Lois Towart (17:34):

Tricky, how the key differences with UTS’s approach to teaching masters in comparison to other universities. Interesting, because my experience dates a while back. Also, you tend to hear anecdotal experience. We try and do very much hands on, but we also try and make our masters qualifications to be very industry focused. That is a lot of sessional lecturers or people who are delivering it aren’t actually academics, they are people in industry who have industry experience. Also a number of our lecturers, including myself have had significant number of years of industry experience, and so we’ve had quite a bit of knowledge behind that. So it isn’t really a textbook subject, it’s much more a practical in terms of, this is how things are done in industry rather than this is the theory that you need to know. There’s also a tendency towards, or a strong focus on case studies, what’s happening in the real world in terms of understanding how these different markets work.

Lois Towart (18:49):

Okay, I think we’ve gone through a number of questions, as [inaudible 00:18:52], if you have got further questions there’s a link to where you can send the email through to. If you want to discuss further aspects of study, et cetera, by all means, get the questions through to us. Okay, well we don’t seem to have any more questions at the moment. So I will then call it the end of the session. As I sort of said, if you have got further questions by all means, send them through.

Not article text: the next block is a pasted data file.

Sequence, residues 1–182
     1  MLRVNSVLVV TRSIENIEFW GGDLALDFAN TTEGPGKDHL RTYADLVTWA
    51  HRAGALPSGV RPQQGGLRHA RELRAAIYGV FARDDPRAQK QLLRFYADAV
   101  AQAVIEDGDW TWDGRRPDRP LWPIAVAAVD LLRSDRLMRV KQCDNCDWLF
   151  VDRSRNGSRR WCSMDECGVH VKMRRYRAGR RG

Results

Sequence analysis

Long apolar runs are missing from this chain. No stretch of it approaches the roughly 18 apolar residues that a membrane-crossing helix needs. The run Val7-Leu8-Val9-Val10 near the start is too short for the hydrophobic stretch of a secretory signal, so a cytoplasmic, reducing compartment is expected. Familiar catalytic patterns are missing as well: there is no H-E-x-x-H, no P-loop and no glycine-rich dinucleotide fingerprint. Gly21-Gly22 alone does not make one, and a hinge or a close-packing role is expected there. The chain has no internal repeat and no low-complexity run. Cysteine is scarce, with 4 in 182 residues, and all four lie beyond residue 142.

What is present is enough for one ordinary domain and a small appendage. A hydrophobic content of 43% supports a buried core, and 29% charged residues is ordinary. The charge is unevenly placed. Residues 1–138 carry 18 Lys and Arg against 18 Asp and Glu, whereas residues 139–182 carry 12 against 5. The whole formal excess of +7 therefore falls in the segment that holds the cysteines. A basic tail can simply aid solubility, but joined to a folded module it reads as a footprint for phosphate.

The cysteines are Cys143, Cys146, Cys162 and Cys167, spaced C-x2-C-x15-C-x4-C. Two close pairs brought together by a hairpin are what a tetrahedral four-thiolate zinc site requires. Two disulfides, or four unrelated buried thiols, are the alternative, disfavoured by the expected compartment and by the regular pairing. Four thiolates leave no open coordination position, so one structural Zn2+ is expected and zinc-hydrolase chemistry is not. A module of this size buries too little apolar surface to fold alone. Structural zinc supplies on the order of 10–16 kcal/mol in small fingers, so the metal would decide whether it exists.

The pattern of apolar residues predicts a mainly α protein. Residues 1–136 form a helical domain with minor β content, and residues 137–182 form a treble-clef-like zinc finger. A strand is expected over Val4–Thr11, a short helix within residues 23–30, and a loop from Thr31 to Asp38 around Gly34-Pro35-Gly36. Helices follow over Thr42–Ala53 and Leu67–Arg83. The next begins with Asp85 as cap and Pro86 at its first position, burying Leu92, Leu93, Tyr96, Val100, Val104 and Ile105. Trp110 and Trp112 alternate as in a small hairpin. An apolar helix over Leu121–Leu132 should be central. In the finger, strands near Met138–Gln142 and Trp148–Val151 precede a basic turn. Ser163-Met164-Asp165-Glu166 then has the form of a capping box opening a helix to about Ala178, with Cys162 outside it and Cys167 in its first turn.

Luke Chess (19:21):

Okay, it’s Luke here, marketing manager for the faculty. Thank you for your time Lois presenting and thank you for your time attending everybody. It would seem if there are no further questions that we will call the webinar at an end. Should there be any further questions you can access the faculty and the School of Built Environment through the UTS website, or you can email us on Okay, thank you again, Lois. And to everyone who’s attended, we hope to see you studying at UTS.